Everything you need to know about Climbing Mount Fuji

To Climb Mount Fuji was on my 40 things I want to do before I turn 40 list. While this mountain only takes 2 days to hike it was definitely a challenge for me and the 5 friends I climbed it with.

Since my climb (and posting about it on instagram) I received many questions about the hike and the mountain itself. In this post I’ve answered those questions and included a list of tips I thought might help future climbers.

How tall is Mount Fuji?

Mount Fuji is the highest mountain in Japan and is 12,388 feet tall.

How long does it take to Climb Mount Fuji?

For hikers seeking the summit it will take 2 days to climb Mount Fuji. When I did the climb we left Tokyo bright and early on day 1 and traveled for most of the morning. We hiked for half the day and spent the night in a mountain hut. We woke up early again the following day to summit Mount Fuji at sunrise. By mid-day we were back at the station we arrived at made out way back to Tokyo.

There are 4 trails that lead to the summit: Yoshida, Fujinomiya, Subashiri and Gotenba trails. When I did my climb I did the Subashiri trail. This trail has less tourists and more locals. I met several Japan people along the way. One man told me that there was a Sumo Tournament in Tokyo coming up and as a result I was able to attend.

How hard is it to climb Mount Fuji?

As someone who has climbed Mount Kilimanjaro, trekked to Everest Base Camp, and hiked all over the world I didn’t think twice about Mount Fuji. As a result I vastly underestimated the mountain.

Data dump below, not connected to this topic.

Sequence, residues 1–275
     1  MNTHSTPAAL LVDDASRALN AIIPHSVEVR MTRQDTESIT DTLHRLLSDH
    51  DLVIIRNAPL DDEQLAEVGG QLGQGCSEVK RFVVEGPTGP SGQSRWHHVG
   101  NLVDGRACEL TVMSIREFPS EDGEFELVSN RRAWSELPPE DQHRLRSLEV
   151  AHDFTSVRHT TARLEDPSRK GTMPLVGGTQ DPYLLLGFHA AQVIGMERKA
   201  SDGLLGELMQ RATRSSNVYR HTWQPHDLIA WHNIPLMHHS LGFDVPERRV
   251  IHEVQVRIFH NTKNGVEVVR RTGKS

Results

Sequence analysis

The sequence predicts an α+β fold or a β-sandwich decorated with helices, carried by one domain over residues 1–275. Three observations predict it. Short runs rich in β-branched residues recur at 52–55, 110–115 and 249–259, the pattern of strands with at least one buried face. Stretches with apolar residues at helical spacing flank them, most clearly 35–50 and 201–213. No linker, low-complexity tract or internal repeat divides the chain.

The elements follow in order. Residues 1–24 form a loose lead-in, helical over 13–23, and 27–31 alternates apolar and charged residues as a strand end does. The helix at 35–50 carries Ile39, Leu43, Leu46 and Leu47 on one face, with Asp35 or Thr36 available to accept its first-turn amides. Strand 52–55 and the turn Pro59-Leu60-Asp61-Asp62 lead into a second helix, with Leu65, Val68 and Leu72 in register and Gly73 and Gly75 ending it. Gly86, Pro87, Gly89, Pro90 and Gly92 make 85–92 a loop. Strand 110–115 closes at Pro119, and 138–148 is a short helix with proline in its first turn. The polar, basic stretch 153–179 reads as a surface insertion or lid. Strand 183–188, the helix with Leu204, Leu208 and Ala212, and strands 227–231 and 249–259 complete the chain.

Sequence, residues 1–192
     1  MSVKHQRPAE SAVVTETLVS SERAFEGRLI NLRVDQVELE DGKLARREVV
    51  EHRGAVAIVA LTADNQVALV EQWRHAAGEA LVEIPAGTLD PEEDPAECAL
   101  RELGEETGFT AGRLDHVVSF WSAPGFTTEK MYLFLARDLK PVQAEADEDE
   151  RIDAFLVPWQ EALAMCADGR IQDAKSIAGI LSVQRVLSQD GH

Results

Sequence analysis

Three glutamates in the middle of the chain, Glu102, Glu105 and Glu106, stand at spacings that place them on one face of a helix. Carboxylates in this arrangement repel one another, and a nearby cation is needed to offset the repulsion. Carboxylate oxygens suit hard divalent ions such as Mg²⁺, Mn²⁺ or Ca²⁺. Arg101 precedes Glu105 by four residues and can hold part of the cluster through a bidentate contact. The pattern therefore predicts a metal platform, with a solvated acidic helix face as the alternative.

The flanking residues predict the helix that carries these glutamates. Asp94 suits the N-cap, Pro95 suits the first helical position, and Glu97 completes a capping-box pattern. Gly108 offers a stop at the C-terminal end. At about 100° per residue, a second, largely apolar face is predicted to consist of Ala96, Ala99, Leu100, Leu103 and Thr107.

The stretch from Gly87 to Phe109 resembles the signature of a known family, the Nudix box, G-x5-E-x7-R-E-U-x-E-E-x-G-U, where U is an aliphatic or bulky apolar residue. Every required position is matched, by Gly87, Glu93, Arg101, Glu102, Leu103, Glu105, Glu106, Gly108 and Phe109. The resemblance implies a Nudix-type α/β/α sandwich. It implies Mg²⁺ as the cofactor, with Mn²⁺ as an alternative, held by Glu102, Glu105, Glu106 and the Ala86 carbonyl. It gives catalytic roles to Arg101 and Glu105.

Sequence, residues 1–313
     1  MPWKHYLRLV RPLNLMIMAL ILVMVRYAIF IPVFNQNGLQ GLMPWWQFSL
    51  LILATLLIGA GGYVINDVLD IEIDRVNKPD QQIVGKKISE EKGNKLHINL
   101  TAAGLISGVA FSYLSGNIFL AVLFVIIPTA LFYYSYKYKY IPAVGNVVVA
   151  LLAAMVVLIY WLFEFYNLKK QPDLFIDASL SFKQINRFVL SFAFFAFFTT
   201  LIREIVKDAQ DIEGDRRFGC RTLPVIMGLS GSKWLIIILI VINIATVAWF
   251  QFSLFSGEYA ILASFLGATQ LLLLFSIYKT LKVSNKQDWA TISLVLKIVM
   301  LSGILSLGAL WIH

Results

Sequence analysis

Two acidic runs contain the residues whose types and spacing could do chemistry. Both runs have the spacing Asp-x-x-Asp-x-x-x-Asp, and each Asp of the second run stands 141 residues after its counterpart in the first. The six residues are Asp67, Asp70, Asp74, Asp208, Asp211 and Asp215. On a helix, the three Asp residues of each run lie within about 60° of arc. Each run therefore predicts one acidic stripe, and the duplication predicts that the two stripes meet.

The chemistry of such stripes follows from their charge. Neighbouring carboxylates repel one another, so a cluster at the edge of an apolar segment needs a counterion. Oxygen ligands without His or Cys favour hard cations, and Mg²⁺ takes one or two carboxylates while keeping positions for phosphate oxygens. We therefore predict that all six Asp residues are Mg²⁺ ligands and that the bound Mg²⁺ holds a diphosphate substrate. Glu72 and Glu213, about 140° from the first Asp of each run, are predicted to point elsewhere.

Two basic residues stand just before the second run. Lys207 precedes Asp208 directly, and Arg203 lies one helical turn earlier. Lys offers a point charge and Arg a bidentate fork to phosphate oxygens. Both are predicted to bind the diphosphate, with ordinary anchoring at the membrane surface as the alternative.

While the hike is only 2 days it is very steep and the quick ascent and descent made me legs feel like jelly for several days following the climb. It might take longer to hike up the mount, but the descent is the most difficult part. The main trail leading down the mountain is made up of loose rocks and pebbles. As a result, your legs will get one hell of a workout. For your own safety take your time and remember to stretch afterwards.

I recommend doing some hiking and building up your leg muscles before attempting to climb Mount Fuji.

You will, most likely, be summiting in the dark, so make sure you bring a headlamp with you so you can see where you’re going.

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 Climbing Mount Fuji is on my 40 things I want to do before I turn 40 list. While this mountain only takes 2 days to hike it was definitely a challenge for me and the 5 friends I climbed it with. Since my climb (and posting about it on instagram) I received many questions about the hike and the mountain itself. In this post I’ve answered those questions and included a list of tips I thought might help future climbers. #mountfuji #mtfuji #japan #hikejapan

What is the Weather like on Mount Fuji?

The climbing season for Mount Fuji is usually July to mid-September. During this time the weather is mild and the mountain usually doesn’t have any snow on it.

During this time period the mountain huts are open and the mountain can be easily access by public transportation.

As for weather, during the day, at lower elevations, the weather can get hot and humid. However the higher on the mountain you go the cooler it will get. At night temperatures can drop drastically.